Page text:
Sometime in 9000 BC, one of the greatest inventions of humankind occurred, as a fortunate accident. On one remarkable day, someone left their grain (barley) unwatched in an open pot. Thankfully (and conveniently!) rain water poured into it, causing the grain to malt and turn into a mush. Wild yeast led to fermentation of this mush, turning sugars into alcohol & CO2. A few weeks later, a fizzy, golden coloured intoxicant that we call ‘beer’, was invented. At a time when pasteurisation and fermentation wasn’t yet discovered, this ‘liquid bread’ was considered a god-sent, magical beverage! Beer is credited to have inspired prehistoric humans to settle down, commencing some of the earliest civilisations, which then transpired into the modern life, as we know it. Some historians suggest that, if it wasn’t for beer, we’d still be living in caves! (watch ‘How Beer saved the World’ for some fun facts)
Imagine living in prehistoric times- tired from your day’s work of hunting woolly mammoths, you come home and socialise by the communal fire with a beer. This seems like a scene from The Flintstones, but it could very well be real!
The beer we drink in this day and age isn’t too different than what our ancestors brewed. However, with time and a little help from science, technology, industrialisation and old monks (not the rum!), the prehistoric brew, got a new-age ‘gourmet’ transformation. This created the great variety of beers that we can now choose from. Read on, to look into the various styles, what makes them different from each other & more importantly, what to expect out of them in terms of their flavor, aroma and general characteristics.
All modern beers fall under one of these two wide ranging varieties- Ale & Lager (pronounced ‘logger’- German for ‘to store’). What sets them apart, is the yeasts used for their fermentation.
In 1978, the legal ban on home brewing lifted (Prohibition:1920-1933) causing an increasing popularity of brewpubs – like, Sierra Nevada Brewing Co., Boston Beer Co., Dogfish Head, etc.
Ale yeast strains undergo, a ‘warm’ or ‘top’ fermentation at 60F-72F(16°C-22°C). This allows the yeast to produce ester compounds during fermentation, imparting fruity, spicy flavors for which ales are well known. There are many different styles (and a crazy number of sub-styles), that we’ll cover in independent blogs. Here, we’ll talk about the general categories and their general flavor profiles. The picture represents the 8 basic kinds of ales. The emoticons represent the flavor profiles- fruity, citrus, sweet, caramel, hops, toasty, yeast/bread, chocolate, vinous & coffee.
Wheat ale is a far-reaching label with a plethora of sub-styles that fall under this category (witbier, hefeweizen and so on..). But, all that label really means for the beer, is that 30%-70% of its grist, is wheat (malted or unmalted). This adds a clean grain flavor along with its characteristic yeasty taste. Also, higher level of protein in wheat (as compared to barley) contributes to a stable & long lasting head on the beer when poured.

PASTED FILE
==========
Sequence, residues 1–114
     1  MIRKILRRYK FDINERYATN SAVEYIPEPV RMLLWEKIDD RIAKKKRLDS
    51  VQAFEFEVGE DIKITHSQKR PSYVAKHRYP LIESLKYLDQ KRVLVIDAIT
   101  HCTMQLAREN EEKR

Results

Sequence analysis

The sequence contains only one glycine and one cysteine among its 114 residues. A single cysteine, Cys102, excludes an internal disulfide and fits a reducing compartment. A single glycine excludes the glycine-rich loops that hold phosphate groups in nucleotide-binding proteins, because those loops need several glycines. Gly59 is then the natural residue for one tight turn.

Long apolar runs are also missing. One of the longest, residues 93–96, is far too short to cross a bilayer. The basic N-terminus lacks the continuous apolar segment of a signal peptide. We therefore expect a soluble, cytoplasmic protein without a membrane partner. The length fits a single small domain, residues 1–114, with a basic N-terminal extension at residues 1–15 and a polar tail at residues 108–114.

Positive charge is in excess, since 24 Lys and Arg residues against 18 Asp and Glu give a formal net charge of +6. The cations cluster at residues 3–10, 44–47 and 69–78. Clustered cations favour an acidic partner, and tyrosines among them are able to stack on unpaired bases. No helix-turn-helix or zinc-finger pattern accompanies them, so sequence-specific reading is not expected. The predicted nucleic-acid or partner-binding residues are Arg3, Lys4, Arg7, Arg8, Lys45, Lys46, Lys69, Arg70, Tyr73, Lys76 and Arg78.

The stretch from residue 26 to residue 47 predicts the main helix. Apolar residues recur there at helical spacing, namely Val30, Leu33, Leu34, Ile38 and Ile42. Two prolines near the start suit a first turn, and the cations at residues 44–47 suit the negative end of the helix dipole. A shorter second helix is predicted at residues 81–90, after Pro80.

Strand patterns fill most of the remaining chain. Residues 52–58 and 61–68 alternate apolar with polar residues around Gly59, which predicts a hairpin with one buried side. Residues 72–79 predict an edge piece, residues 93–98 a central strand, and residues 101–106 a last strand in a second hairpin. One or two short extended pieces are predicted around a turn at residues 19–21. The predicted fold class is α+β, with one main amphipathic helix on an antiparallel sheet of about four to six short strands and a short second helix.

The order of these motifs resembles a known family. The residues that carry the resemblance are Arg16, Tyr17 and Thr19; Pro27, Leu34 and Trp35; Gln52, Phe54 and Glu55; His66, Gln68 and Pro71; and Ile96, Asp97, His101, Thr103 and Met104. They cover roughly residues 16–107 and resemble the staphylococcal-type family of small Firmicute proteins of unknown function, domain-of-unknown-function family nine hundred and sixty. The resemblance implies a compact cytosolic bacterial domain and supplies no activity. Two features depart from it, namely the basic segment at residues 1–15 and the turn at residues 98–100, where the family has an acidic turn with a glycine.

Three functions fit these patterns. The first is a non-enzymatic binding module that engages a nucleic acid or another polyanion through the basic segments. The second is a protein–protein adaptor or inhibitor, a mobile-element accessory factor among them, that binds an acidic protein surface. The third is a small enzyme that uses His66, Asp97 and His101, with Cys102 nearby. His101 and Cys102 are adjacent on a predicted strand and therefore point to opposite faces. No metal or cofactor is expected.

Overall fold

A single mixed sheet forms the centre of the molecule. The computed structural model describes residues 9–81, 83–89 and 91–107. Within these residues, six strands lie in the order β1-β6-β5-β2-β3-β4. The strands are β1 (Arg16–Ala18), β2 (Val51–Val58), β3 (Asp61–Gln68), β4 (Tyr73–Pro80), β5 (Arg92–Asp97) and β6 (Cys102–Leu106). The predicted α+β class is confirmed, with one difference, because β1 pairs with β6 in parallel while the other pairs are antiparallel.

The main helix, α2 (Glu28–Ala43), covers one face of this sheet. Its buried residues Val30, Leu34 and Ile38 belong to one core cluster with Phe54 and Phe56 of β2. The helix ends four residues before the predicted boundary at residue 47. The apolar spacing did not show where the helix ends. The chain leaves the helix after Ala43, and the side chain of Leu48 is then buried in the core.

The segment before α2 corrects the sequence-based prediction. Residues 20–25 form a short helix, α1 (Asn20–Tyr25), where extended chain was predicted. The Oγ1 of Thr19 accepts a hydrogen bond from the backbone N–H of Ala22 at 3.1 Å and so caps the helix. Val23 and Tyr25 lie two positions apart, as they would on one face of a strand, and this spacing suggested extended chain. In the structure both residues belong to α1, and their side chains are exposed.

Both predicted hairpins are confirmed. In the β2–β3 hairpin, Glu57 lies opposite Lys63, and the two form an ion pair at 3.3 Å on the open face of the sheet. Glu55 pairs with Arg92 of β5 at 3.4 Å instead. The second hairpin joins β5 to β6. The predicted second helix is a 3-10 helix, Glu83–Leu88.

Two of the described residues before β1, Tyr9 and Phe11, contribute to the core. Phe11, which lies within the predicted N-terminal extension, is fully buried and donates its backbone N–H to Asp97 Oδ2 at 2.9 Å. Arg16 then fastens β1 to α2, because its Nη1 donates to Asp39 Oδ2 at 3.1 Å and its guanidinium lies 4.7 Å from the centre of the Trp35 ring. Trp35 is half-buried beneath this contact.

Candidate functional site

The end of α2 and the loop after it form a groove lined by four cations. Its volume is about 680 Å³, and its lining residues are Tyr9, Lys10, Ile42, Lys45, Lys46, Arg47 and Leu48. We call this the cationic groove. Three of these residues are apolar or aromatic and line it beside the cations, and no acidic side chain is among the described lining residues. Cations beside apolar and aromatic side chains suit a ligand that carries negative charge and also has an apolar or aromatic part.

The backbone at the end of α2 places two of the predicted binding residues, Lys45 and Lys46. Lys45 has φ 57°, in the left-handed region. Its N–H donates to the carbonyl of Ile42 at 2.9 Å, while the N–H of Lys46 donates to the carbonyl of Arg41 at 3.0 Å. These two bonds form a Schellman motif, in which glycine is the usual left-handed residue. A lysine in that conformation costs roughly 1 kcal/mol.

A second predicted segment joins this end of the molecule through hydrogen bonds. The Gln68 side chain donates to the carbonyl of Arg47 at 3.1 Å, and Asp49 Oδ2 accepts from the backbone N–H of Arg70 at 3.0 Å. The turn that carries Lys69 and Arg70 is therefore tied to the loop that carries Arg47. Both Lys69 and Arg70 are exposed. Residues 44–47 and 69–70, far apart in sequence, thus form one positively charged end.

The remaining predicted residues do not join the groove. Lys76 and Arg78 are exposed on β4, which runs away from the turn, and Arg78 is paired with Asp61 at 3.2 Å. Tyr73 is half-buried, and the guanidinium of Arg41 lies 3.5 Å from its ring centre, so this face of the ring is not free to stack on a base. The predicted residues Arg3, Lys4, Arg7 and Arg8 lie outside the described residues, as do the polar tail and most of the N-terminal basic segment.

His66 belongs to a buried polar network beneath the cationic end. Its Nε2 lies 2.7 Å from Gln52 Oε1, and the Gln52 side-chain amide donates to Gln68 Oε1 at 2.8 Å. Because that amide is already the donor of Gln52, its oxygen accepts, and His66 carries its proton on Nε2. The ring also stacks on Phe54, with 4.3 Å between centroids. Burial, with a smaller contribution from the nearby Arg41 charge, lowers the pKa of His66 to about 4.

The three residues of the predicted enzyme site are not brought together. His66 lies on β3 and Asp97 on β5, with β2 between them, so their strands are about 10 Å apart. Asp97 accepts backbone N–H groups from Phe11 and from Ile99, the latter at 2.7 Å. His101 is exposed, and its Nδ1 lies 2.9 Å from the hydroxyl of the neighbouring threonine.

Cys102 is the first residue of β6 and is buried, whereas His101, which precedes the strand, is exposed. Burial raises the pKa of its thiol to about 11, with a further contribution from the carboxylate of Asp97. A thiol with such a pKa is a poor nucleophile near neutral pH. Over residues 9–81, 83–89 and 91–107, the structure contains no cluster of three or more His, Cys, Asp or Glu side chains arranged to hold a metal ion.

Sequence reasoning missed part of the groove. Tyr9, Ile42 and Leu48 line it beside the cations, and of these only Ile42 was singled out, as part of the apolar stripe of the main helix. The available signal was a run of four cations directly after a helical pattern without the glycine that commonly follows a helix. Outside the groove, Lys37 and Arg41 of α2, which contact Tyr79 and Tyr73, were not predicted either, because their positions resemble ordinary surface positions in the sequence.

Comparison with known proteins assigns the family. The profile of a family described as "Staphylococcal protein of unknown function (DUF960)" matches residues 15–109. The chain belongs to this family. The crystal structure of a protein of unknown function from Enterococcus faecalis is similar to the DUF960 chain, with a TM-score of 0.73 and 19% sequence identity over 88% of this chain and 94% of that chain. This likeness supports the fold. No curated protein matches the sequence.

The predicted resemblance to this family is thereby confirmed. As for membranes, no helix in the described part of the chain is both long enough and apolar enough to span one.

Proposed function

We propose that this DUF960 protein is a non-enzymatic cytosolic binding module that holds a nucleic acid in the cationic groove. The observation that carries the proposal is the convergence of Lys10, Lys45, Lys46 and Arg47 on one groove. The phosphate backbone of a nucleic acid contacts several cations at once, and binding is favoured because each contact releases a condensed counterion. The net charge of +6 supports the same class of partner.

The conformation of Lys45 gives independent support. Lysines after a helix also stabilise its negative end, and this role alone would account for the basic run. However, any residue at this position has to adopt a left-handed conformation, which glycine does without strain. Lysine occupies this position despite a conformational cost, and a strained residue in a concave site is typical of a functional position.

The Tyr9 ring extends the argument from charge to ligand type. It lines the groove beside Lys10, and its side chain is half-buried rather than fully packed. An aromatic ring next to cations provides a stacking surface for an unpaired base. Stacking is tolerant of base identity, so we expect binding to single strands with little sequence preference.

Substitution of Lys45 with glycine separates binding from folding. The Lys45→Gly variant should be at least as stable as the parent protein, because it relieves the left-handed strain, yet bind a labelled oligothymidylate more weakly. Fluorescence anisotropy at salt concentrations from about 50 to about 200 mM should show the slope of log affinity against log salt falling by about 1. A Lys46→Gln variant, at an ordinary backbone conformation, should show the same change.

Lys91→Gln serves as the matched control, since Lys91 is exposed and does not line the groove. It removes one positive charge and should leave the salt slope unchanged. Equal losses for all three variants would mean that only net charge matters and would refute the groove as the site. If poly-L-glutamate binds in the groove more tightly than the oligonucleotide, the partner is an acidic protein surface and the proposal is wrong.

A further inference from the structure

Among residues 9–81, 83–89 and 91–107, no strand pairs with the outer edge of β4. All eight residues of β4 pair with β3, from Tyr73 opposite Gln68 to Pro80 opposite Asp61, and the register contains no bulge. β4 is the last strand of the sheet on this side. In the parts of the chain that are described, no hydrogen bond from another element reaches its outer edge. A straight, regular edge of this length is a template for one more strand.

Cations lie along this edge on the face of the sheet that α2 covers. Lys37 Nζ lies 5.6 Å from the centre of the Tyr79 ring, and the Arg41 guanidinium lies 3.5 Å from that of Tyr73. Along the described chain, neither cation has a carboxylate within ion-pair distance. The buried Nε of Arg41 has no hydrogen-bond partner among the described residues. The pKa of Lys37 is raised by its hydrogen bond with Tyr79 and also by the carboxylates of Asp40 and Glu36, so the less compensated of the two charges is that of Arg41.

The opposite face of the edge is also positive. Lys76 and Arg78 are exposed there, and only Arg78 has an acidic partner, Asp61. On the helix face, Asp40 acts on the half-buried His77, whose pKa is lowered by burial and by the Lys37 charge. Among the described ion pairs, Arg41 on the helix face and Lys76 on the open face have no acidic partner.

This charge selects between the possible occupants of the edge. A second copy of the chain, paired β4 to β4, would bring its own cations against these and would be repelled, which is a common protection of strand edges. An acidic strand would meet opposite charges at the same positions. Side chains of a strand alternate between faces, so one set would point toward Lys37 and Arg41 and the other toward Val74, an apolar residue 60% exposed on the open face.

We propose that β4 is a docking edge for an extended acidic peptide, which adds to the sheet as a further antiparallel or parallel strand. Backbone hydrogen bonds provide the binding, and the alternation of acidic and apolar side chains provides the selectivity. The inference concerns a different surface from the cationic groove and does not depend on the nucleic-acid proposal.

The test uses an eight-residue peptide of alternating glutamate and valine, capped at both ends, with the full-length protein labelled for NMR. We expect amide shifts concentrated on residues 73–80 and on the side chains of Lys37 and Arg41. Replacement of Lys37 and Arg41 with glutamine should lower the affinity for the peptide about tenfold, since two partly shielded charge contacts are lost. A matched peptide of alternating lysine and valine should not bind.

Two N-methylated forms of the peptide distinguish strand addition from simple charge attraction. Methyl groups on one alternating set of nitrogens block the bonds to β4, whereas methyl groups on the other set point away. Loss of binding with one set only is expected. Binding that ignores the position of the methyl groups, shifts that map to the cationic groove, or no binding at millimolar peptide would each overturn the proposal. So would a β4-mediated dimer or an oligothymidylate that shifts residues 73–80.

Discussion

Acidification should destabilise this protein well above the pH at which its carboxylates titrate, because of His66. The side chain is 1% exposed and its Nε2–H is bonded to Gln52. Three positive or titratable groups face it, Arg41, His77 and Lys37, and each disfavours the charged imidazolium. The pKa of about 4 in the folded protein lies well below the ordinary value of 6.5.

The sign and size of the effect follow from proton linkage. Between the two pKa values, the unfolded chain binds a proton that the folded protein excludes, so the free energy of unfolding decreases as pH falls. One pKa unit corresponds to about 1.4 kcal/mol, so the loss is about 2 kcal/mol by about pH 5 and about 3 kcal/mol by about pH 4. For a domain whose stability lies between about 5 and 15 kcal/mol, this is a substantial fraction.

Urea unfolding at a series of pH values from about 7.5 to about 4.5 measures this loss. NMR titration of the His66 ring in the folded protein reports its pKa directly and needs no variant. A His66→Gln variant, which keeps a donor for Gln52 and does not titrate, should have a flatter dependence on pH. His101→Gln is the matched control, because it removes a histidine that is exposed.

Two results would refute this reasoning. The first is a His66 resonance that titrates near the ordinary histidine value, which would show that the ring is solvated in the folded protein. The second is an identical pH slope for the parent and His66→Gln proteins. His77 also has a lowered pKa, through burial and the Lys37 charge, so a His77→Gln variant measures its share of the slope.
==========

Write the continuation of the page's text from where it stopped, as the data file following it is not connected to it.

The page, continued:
They are generally very pale in color. Most of them are cloudy owing to yeast in suspension (unless filtered). Tasting notes suggest they have very mild hops. Most have very fruity, citrus-y ester compounds with hints of spice. Darker versions tend to have sweet, chocolatey and toasty notes.
Must Try: Bell’s Oberon (Kalamazoo, MI), Sierra Nevada Kellerweis (Chico, CA), Dogfish Head Namaste (Milton, DE), Lagunitas Little Sumpin Sumpin’ (Petaluma, CA), Avery White Rascal (Boulder, CO).
Golden & Blonde Ales are the quintessential easy drinking beers. Their relatively low alcohol levels and a balanced character (of fruity esters, malts and bitterness from hops) make them drinkable, all year round. Kölsch, a German variety of Blonde/Golden beer, is fermented using ale yeast strains and aged in cold temperatures (lagered), bringing out this desired balance. It’s American counterpart- American Blonde Ale, was introduced to the craft beer market (which had just started gaining popularity), as a contrast to the then popular more fruity, hoppy, earthy varieties.
Tasting notes suggest, they are generally bready and sweet and the fruity esters aren’t generally pronounced. A low hop bitterness and a smooth finish, makes this variety very approachable.
Must Try: Ska Brewing True Blonde Ale (Durango, CO), Belgium Brewing Hoptober Golden Ale (Fort Collins, CO), Diamond knot Blonde Ale (Mukilteo, Washington, Knee Deep Beautiful Blonde Ale (Auburn, CA).
Pale Ales are made with primarily, a pale malt giving it a lighter, pale color. However, diverse brewing practices and different hop levels, have enabled us to choose from a wide variety – English Pale Ale, American Pale Ales, English IPA, Imperial IPAs, and others.
Pale Ales are predominantly bready and sweet. The English styles have an Earthy character with pronounced hops. Some American styles lean toward citrusy notes. A subtle fruity character is noted in all varieties.
Must Try: Founders Pale Ale (Grand Rapids, MI), Sierra Nevada Pale Ale (Chico, CA), Bell’s Two Hearted Ale (Kalamazoo, MI), Russian River Blind Pig (Santa Rosa, CA), Ballast Point Sculpin (San Diego, CA)
Copper/Amber/Red Ales represent a wide color spectrum of ales, thanks to the malts used in each kind. These beers, generally boast a malty characteristic and hops can vary anywhere between being very subtle to dominant.
These ales are generally crisp and smooth, with caramel-y, toffee-like notes. Mild hop bitterness is noted in most styles, except in Red Ales that can have some hoppy character. Fruity notes are non existent.
Must Try: Fat Tire Amber Ale- Belgium Brewing Co (Fort Collins, CO), Great Lakes Nosferatu (Cleveland, OH), Bell’s Amber Ale (Kalamazoo, MI), Samuel Adams Irish Red (Boston, MA), Alaskan Amber Ale (Juneau, AK).
Porters & Stouts are easily confused for each other and many beer lovers are unsure about what makes a porter and what makes it a stout.While the two dark & hazy varieties have a long intertwined history, one thing to know about them is- All stouts are porters, but not all porters are stouts- only the darker ones. (that doesnt really help, does it? Check this article out for a more detailed info)